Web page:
About the Production

A story of youth trapped in a closed society, Purgatory In Ingolstadt by Marieluise Fleisser depicts a world dominated by church order and traditional gender roles. Bereft of stable mentoring, students bully, spy, embrace and reject each other in rapid succession. The action focuses on two young outsiders, Roelle and Olga, each of whom tries to escape the confines of their society—one with public delusions of grandeur, the other by allying herself with men who might help her. It is a rough and dirty play contained within an austere shell. 

Writing in 1926, a then 25-year-old Fleisser was responding to personal experiences in her hometown of Ingolstadt, Germany, capturing the post-war social tensions of the Weimar Republic. Her energetic script mixes expressionism, neo-realism, and religious references to destroy the guise of moral purity in her world. In so doing, she reveals a community based on fear, jealousy, apathy, and brutality and foreshadows the rise of the Nazis.  


Jacob Loeb as Roelle, Megan Rippey as Olga

Jacob Loeb as Roelle, Megan Rippey as Olga

About the Playwright

Marieluise Fleisser’s life and works were shaped by a turbulent relationship to her birthplace, the Lower Bavarian city of Ingolstadt, Germany. Staunchly Catholic, with a long ecclesiastical tradition, Ingolstadt was also a great military hub until the Treaty of Versailles compelled the disbanding of Germany’s army. Despite a will to break from the confines of Ingolstadt, Fleisser was tethered to her city, returning again and again after failure, hardship, and loss, ultimately to die there at the age of 73. Early in her life, Fleisser wrote two plays about Ingolstadt: the second, Combat Engineers in Ingolstadt, excoriated the city’s post-Versailles military presence, and made her overnight the most notorious and maligned woman in the Weimar Republic, and the first, Purgatory in Ingolstadt, scrutinized the city’s stifling provincial Catholicism, and nearly fifty years after its premiere, secured her as one of Germany’s most important female writers.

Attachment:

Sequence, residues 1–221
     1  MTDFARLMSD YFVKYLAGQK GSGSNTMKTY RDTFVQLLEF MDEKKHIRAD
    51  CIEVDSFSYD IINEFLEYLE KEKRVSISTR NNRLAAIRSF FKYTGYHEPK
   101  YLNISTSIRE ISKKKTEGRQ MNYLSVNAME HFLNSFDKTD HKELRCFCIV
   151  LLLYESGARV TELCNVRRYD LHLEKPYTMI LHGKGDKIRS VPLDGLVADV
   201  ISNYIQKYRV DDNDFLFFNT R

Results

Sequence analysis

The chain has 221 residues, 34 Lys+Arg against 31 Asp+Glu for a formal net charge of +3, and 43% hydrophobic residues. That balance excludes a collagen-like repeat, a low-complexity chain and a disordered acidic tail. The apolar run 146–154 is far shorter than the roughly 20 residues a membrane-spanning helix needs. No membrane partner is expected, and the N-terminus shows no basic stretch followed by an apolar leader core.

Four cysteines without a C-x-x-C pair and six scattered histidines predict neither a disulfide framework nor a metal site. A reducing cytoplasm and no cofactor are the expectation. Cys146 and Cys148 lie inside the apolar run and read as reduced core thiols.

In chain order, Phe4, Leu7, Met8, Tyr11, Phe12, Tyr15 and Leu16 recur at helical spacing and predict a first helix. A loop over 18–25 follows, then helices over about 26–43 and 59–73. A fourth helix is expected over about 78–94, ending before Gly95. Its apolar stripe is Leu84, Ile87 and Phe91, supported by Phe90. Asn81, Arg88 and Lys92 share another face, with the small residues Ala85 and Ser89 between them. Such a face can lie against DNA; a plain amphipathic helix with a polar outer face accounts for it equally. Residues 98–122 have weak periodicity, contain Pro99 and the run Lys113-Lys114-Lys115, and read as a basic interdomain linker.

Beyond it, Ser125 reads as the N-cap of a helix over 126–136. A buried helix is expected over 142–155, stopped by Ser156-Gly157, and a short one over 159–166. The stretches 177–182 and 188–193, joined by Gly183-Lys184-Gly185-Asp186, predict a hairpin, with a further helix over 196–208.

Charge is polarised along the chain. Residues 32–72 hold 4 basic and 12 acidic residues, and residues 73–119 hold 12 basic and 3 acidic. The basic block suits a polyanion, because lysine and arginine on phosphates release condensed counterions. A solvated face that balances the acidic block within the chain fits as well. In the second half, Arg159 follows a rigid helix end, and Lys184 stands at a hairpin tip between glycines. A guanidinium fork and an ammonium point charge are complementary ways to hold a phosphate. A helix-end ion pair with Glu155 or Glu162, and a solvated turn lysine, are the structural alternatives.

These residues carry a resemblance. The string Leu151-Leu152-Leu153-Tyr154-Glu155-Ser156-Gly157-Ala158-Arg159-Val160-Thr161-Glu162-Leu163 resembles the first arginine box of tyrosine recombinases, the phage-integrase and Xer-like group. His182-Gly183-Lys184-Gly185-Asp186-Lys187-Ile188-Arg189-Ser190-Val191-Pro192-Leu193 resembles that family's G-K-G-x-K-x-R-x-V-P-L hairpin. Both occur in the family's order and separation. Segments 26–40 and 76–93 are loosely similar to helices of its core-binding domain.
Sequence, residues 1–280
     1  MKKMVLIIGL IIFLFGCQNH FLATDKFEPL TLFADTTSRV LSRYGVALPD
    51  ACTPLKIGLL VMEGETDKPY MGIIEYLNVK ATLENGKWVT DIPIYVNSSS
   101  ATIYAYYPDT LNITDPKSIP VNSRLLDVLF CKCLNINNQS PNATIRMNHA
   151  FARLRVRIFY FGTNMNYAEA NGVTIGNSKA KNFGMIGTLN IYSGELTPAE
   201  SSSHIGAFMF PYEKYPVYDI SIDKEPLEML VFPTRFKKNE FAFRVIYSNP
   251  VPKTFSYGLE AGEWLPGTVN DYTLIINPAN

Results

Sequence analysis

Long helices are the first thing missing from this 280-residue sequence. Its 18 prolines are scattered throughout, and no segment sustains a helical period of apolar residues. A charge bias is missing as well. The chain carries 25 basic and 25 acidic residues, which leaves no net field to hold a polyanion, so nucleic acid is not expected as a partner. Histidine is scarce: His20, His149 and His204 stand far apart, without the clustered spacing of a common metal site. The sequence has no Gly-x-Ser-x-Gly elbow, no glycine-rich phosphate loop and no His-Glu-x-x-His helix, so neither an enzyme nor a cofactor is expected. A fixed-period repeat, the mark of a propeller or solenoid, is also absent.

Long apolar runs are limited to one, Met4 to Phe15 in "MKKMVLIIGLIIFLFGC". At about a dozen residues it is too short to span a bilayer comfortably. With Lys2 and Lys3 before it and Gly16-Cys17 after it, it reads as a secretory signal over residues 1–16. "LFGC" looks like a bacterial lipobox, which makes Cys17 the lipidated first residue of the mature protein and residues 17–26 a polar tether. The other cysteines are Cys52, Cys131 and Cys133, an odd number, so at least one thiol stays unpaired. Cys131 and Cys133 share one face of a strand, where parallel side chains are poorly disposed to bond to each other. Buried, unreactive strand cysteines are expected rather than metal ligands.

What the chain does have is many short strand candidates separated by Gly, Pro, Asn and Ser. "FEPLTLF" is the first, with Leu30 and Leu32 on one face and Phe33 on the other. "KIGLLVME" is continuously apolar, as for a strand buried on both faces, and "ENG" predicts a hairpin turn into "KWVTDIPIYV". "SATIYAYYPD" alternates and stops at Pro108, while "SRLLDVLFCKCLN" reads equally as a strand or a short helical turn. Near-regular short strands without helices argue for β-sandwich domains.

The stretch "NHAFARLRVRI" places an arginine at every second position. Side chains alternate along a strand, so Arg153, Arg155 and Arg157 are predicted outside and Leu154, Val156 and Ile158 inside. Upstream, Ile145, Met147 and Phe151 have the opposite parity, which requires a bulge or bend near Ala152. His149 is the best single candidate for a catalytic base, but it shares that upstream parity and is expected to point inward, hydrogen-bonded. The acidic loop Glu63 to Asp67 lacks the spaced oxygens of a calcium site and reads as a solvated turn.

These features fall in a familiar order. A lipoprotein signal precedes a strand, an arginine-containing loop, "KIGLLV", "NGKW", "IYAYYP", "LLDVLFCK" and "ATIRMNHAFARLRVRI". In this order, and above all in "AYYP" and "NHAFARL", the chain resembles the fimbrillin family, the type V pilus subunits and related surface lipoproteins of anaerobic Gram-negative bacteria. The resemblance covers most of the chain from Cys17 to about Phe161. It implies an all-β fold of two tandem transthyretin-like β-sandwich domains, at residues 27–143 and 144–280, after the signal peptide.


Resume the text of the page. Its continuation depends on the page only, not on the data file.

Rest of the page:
Born in November 1901 to a working-class family, Fleisser was the only one of her four siblings to attend high school. Her father was determined she would use her talents to become a teacher and sent her to a convent school where she received a conservative and conventional education. In her short story “Poor Luise” (later retitled “Ballad of the Young Lady from a Catholic School”, Fleisser wrote of her experience in the convent school, “...everything I learned there is bad for my life. I was raised to obey, and they taught me never to reveal anything I felt or wanted.“ Fleisser struggled her entire life against this education and the strictures of the provincial society into which she was born.